4. My sister is a brilliant photographer. I know that’s not really a random fact about me, but it’s a pretty awesome fact about my baby sister. You should totally check out her website!
  5. I don’t have a hero. I actually hate when people ask me who I look up to or who I admire and see as a mentor or hero. I don’t have one, and I haven’t ever really had a hero, though I have admired certain people. This doesn’t mean I want to be like them or seek to emulate their achievements or personal creeds, it just means I respect what they do (or have done). I actually find that people who stick a poster of their hero on the wall and say “I want to be like this person!” are a little bit creepy. Single White Female, anyone?
  6. I used a kindle this week. Seriously. I need some time to digest my thoughts and feelings about the whole experience! I feel unclean. Yet also a little bit excited.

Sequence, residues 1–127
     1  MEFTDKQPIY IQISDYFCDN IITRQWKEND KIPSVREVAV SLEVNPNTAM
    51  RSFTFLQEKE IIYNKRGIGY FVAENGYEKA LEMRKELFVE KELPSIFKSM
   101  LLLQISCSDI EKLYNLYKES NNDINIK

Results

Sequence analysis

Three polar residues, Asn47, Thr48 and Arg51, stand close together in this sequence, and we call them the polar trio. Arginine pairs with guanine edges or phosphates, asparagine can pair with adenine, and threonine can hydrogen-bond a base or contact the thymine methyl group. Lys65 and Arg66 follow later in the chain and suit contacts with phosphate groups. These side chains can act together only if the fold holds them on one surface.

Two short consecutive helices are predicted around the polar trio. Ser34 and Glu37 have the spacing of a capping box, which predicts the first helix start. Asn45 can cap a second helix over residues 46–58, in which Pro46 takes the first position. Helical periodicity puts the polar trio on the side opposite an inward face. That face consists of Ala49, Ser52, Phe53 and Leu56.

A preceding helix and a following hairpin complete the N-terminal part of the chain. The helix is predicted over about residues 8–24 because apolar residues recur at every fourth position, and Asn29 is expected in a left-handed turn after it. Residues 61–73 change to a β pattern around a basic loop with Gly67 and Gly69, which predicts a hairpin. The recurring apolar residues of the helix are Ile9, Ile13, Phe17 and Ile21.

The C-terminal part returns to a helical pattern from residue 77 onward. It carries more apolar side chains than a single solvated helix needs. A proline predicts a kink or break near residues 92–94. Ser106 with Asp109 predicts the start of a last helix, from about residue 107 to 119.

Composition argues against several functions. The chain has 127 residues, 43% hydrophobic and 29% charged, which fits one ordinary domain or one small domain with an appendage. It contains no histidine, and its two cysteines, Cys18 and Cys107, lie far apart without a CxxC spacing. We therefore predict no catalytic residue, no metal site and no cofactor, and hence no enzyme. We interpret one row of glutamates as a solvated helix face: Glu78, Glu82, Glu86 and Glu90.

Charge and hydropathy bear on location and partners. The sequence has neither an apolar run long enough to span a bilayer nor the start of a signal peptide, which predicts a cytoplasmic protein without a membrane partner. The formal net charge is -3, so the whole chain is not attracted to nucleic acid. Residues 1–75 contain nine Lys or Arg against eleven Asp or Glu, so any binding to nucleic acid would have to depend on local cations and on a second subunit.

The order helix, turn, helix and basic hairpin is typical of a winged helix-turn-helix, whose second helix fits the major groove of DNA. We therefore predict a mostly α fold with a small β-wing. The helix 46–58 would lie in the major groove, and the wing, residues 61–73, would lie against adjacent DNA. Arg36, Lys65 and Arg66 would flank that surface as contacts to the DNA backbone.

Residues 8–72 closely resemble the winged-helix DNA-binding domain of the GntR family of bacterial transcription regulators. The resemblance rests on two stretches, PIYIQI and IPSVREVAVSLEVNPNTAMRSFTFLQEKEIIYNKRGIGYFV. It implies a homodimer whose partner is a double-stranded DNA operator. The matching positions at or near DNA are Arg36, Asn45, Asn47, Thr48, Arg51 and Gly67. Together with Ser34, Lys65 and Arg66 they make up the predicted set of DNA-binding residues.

7. Sunday is my favourite day of the week. I actually try not to make plans for Sundays, or I at least try to minimise the need for an early morning or stressful experience. When I was at Uni doing my undergraduate degree, Sundays were the only day I had off work (the shop was closed on Sundays – yay!) and Sunday became a bit of a sacred day. It was a day to frump around in PJs and get some Uni work done, or curl up with movies on the couch, or stay in bed with a book. It remains my favourite day of the week!

Now, some blog plugs … The three previously mentioned blogs are all very fabulous, and I’m not sure I can come up with twelve more (keeping up with fifteen blogs is a big ask for a lazy person like me!) but here is a list of blogs I really enjoy reading: